Let me start off by saying, breast cancer does not run in my family.
2014 was a tough year and I’ll never forget it. After having a miscarriage, I decided I wanted to get back into really good shape. A month later, I was showering post-workout when I felt a lump in my right breast. I figured it was no big deal since my hormones were still balancing back out but I decided to have my general practitioner examine me anyway. Besides, I already had an appointment scheduled.
The day of the appointment, I had my doctor perform a breast exam and, sure enough, she felt the lump. She scheduled me for an ultrasound the next day and, after the ultrasound, I only had to wait a few hours before they called. I was told I needed to have a diagnostic mammogram and, possibly, a biopsy. My heart felt like it was in my throat but I stayed positive and scheduled the mammogram.
The breast specialist I saw was a grim woman with no bedside manner. She told me the ultrasound images were concerning then sent me for my mammogram. Once it was over, the doctor came back in — even more grim-faced than before. I needed to go to the hospital and have the lump biopsied immediately.
I felt like my world was crashing down. I went for the biopsy and the radiologist said she was pretty sure it was ductal carcinoma in situ (stage 0 breast cancer), although I wouldn’t have the official results for three days.
Three days felt like forever, but the pathology results finally came. It was breast cancer and it was aggressive. I was devastated but ready to form a plan of action.
So, I chose my team of doctors and scheduled my mastectomy. Surgery day came and I felt really good about my decision. I was surrounded by passionate and vigilant doctors and was happy to have a plan after so much waiting and uncertainty.
I had a little more waiting to do for the final pathology results, but we finally got good news. The cancer was limited to the right breast and my lymph nodes were clean. They did upgrade me from Stage 0 to Stage 1 but I didn’t need chemo.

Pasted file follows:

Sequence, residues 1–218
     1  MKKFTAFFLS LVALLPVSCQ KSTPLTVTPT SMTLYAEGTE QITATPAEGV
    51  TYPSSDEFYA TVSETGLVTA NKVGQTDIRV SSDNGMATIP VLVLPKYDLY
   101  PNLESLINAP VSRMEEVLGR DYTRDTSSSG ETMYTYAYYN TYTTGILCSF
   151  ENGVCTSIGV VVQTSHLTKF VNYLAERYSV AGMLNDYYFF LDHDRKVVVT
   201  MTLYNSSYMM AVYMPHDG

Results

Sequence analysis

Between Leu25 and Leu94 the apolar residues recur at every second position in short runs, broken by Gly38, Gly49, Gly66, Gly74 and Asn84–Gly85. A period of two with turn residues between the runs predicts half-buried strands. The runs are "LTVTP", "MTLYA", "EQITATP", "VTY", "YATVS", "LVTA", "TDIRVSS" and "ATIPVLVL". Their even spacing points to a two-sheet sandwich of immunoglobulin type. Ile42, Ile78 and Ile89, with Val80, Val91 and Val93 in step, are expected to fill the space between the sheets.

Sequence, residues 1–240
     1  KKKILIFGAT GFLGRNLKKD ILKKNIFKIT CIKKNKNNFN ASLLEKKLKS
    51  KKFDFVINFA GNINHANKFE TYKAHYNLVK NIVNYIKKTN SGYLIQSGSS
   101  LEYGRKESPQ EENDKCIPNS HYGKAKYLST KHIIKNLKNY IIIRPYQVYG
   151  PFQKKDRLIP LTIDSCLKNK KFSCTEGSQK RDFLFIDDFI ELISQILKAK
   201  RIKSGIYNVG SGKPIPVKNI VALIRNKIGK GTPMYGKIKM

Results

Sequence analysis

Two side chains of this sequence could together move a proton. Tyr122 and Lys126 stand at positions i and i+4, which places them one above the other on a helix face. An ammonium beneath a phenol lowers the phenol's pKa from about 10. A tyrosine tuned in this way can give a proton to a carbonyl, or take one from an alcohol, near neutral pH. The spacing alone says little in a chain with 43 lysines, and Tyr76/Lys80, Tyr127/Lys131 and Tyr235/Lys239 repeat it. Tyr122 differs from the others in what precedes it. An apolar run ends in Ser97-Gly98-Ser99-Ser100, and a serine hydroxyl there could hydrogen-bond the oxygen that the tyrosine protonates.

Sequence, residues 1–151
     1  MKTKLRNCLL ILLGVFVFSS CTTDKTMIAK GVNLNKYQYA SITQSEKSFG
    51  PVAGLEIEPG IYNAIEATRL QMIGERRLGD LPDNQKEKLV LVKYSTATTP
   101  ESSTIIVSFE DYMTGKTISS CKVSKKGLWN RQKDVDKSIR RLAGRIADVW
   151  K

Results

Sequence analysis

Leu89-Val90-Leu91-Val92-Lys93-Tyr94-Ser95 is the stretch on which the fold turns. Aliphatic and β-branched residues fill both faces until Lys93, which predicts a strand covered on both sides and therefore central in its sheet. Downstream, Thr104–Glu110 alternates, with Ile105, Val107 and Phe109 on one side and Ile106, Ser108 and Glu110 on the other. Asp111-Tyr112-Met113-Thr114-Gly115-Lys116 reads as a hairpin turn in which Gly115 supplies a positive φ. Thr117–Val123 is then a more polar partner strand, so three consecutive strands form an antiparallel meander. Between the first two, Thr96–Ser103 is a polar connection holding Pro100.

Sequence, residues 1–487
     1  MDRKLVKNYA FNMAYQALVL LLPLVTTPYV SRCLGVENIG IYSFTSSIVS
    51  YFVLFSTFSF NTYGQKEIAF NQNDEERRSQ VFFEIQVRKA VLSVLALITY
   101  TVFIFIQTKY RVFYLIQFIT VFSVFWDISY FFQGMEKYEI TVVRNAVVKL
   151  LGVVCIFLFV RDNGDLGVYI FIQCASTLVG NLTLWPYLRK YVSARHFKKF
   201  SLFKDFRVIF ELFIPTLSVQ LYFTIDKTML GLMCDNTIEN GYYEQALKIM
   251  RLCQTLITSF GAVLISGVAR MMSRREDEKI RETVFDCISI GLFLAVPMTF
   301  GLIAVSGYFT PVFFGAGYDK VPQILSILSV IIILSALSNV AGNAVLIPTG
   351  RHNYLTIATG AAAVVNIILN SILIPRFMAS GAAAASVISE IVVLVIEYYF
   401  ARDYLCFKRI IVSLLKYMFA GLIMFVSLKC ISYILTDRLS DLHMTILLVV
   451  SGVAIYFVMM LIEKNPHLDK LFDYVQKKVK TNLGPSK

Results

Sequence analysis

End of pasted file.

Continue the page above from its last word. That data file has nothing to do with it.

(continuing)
Then, my oncologist decided to have my tissue looked at by the hospital where he is a fellow. It’s a good thing he did because they found a lot of things that were missed by the pathologists at the hospital where my surgery was performed. The most important being a particular trait of my cancer that had the potential to be very dangerous. Because of this, my doctor recommended chemo.
Chemo. The one thing I didn’t want to do. I was willing to give up my breasts but not my hair. I got over the shock pretty quickly and, soon enough, was ready to start — but not before we did some fertility preservation.
Fertility preservation entails lots of doctor’s appointments for you and your hubby, lots of blood work, lots of hormones, and a class to learn how to administer those hormones.
On the day of my class, I took a LOT of notes and left with a shopping bag full of hormones. They promised to call when it was time to start the regimen. I got the call that afternoon. I was four weeks pregnant! I was over the moon and so were my doctors. I had their blessing to have my baby and we agreed to start chemo once he was born.
So, nine months came and went and my beautiful baby boy arrived. A few weeks later, I started chemo. It was rough but I got through it the same way I got through the diagnosis and surgery — with lots of amazing family and friends by my side.
Treatment wrapped up in August 2015 and, not long after, I had my reconstructive surgery in what finally felt like the end of a very long journey.
So what would my advice be to you? Find a great doctor, don’t miss your yearly exam, and know your body. If something doesn’t seem right, talk to your doctor. Don’t wait!
Early detection is so important and so is being educated about your risk and your body. Without early detection, I’m not sure I’d be here today.
What Bright Pink does and stands for inspired me to run this year’s Chicago Half Marathon for Team Bright Pink. And now, thanks to running, I’m on the path to being healthier and happier than I’ve been in a long time.
Chiara is sharing her story in the hopes that it will help other women understand the importance of breast and ovarian cancer prevention and early detection. Help us bring her message to women across the country — just $20 has the power to teach 4 women early detection through our in-person Brighten Up workshop. Donate to help us educate and empower more young women like Chiara.